Faithfulness: context

The Sending1 He said to his disciples, “Things that cause sin will inevitably occur, but woe to the person through whom they occur. 2 It would be better for him if a millstone were put around his neck and he be thrown into the sea than for him to cause one of these little ones to sin. 3 Be on your guard! If your brother sins, rebuke him; and if he repents, forgive him. 4 And if he wrongs you seven times in one day and returns to you seven times saying, ‘I am sorry,’ you should forgive him.”

[The Sunday reading begins here] 5 And the apostles said to the Lord, “Increase our faith.” 6 The Lord replied, “If you have faith the size of a mustard seed, you would say to (this) mulberry tree, ‘Be uprooted and planted in the sea,’ and it would obey you. 7 “Who among you would say to your servant who has just come in from plowing or tending sheep in the field, ‘Come here immediately and take your place at table’? 8 Would he not rather say to him, ‘Prepare something for me to eat. Put on your apron and wait on me while I eat and drink. You may eat and drink when I am finished’? 9 Is he grateful to that servant because he did what was commanded? 10 So should it be with you. When you have done all you have been commanded, say, ‘We are unprofitable servants; we have done what we were obliged to do.’”

Throughout the previous chapter (Luke 16), Jesus has addressed the Pharisees and scribes (scholars of the law) with beginning and ending parables: the dishonest steward and the rich man and Lazarus – each begins with a statement, “There was a rich man.” The clear target was the lovers of money, i.e., those whose love of riches prevented them from truly being lovers of God. Although the parable is aimed at the Pharisees the lesson continues a theme of 12:1 “Beware of the leaven–that is, the hypocrisy–of the Pharisees.”  The disciples are reminded of the characteristics of true discipleship and well as the pitfalls along the way.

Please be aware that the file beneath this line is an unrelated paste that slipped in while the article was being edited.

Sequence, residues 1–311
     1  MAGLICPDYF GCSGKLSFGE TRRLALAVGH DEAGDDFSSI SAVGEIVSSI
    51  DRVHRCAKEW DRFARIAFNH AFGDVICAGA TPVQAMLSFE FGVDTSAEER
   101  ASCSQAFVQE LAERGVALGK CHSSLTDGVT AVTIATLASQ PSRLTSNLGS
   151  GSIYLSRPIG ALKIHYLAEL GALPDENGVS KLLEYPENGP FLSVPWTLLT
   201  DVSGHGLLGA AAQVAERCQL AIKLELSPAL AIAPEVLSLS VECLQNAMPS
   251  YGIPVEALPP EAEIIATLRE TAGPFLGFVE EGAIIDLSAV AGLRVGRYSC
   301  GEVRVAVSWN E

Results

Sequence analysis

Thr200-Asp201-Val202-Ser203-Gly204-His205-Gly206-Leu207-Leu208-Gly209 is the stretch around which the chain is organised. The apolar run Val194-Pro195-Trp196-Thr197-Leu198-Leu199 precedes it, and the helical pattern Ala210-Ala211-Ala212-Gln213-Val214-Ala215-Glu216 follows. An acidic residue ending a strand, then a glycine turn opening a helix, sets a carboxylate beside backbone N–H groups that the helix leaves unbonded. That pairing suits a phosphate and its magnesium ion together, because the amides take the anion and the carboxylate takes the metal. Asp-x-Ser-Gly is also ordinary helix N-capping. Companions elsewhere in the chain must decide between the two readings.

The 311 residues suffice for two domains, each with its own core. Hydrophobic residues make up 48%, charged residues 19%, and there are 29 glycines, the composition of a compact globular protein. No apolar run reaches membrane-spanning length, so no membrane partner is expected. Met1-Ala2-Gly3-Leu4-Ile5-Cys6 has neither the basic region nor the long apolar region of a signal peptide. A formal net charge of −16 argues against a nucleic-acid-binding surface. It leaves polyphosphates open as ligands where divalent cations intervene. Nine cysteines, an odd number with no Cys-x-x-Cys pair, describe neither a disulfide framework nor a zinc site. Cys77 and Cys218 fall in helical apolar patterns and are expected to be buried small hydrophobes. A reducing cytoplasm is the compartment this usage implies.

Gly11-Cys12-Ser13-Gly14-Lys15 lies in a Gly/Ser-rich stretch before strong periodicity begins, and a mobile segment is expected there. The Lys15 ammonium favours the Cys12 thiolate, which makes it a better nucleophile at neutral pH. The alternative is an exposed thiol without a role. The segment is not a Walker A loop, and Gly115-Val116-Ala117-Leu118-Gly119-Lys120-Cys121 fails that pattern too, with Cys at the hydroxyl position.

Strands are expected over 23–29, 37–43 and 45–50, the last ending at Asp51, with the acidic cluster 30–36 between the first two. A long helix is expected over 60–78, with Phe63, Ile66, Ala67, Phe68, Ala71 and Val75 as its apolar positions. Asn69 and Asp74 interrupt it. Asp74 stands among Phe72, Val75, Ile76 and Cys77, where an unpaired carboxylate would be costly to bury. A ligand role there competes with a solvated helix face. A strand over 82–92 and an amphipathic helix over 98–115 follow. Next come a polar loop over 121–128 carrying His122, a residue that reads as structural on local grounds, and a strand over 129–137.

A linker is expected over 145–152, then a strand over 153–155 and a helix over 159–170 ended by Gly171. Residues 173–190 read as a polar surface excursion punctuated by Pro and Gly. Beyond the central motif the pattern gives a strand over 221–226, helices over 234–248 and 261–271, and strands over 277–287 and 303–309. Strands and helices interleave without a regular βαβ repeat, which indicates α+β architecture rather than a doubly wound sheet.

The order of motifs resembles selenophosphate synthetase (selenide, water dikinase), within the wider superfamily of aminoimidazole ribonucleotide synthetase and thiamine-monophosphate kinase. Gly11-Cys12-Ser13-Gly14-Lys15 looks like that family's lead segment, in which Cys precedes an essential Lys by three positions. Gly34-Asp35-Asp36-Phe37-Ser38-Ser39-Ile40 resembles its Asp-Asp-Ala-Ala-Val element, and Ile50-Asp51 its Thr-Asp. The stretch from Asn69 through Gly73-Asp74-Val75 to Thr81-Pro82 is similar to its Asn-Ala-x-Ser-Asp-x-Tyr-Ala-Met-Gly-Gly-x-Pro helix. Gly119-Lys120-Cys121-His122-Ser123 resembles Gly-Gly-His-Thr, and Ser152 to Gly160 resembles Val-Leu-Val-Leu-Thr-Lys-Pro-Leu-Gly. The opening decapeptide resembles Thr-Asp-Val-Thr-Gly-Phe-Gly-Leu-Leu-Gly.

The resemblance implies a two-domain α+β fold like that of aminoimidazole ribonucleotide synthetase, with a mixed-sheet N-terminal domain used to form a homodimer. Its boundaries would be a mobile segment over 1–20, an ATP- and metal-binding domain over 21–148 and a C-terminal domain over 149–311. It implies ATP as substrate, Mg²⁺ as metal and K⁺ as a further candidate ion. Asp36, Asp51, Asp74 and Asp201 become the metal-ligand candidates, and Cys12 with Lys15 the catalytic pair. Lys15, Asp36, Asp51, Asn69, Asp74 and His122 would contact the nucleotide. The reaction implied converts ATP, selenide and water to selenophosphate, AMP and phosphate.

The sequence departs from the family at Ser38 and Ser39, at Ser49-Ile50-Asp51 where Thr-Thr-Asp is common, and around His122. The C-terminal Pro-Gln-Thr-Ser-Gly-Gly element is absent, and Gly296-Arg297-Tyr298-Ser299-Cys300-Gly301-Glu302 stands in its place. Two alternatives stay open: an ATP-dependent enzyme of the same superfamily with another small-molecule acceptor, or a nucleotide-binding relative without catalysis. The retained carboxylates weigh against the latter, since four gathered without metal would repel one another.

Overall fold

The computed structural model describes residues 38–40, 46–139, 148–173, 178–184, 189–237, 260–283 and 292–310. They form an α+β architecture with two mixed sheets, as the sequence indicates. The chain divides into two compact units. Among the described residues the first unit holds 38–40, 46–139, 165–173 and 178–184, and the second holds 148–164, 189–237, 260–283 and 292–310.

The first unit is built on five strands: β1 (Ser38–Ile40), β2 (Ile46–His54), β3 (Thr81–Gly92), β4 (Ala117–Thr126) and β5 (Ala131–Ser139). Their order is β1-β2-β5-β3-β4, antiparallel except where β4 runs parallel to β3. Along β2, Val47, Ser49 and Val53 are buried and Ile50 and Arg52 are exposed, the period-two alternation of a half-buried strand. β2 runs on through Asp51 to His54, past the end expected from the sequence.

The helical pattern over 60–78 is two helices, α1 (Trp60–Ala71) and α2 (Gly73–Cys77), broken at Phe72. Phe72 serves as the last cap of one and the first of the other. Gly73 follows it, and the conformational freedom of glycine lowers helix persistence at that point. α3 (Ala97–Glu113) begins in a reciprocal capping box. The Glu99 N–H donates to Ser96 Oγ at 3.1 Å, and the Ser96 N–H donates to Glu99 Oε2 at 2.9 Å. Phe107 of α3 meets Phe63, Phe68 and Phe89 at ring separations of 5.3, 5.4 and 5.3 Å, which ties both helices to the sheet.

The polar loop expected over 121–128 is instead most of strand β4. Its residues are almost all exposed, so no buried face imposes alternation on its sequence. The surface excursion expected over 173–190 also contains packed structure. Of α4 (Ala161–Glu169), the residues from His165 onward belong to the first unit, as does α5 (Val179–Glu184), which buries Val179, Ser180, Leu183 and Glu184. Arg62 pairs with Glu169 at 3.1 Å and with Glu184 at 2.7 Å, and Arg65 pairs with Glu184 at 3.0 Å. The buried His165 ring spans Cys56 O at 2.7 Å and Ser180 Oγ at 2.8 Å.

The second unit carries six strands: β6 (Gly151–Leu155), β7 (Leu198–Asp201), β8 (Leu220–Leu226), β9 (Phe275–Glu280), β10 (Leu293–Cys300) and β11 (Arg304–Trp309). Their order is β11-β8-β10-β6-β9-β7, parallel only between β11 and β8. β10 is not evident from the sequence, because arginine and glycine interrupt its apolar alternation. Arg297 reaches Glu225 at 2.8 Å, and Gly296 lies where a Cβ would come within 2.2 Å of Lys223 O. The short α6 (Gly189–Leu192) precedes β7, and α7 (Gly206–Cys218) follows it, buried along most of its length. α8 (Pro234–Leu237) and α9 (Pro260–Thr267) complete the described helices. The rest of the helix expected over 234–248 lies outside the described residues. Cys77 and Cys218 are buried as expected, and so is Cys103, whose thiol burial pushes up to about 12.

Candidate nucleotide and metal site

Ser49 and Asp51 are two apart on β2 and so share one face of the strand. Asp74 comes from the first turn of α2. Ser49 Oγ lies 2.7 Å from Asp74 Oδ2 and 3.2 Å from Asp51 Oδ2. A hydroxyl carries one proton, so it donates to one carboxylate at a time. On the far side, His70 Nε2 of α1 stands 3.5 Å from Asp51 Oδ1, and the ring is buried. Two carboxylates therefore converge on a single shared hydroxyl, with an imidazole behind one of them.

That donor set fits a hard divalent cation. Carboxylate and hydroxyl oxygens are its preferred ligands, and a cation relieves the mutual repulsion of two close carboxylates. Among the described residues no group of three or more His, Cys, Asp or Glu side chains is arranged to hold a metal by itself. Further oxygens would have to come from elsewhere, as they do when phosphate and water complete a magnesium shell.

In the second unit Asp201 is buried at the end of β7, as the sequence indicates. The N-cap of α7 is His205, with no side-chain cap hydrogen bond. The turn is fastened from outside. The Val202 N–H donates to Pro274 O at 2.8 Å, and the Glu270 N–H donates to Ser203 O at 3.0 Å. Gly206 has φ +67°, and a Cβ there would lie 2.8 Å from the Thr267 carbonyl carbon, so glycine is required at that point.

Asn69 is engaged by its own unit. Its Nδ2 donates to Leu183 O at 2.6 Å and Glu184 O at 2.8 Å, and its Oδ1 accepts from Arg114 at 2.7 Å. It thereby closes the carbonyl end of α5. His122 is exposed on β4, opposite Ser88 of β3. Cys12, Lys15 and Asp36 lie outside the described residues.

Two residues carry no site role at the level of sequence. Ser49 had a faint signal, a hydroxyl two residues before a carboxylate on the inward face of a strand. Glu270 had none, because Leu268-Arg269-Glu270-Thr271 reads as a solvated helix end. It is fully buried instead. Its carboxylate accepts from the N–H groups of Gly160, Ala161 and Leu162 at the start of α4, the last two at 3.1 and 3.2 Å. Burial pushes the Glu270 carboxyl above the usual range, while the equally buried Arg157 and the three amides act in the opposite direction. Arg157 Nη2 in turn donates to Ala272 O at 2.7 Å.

In addition, looking ahead to Luke 17:11: “As Jesus continued his journey to Jerusalem…” it is clear that Luke will return to a travel motif to tell the narrative. It is as though v.11 marks a new subsection within the longer travel narrative (9:51-19:48).  Joel Green holds that 17:1-10 marks the end of lengthy question that began in 13:10, namely, “who will participate in the kingdom of God?” (Green, Luke, 611). If this is true, then clearly there two characteristics emphasized are faith and service.

In Luke 17 the audience for the lesson is the disciples (v.1). Luke draws together four sayings:

  • a warning against causing others to stumble (vv.1-2), [1]
  • a challenge to be forgiving (vv.4-5), [2]
  • a call to the exercise of faith (vv.5-10) [3], and
  • a reminder of the duties of discipleship (vv.11-19; next Sunday’s gospel) [4]

They seem to be disparate sayings, almost as thought thrown together, lacking a thematic coherence.  But in the broader question of “who will participate in the kingdom of God?” the coherence may be as simple as “don’t be like the Pharisees” especially in their lack of regard of the “little ones” (v.2).

[1]    See parallels in Matthew 18:6-7 and Mark 9:42

[2]    See parallel in Matthew 18:15

[3]    vv.5-6 are paralleled in Matthew 17:20. Luke 17:7-10 are unique to Luke

[4]    Unique to Luke

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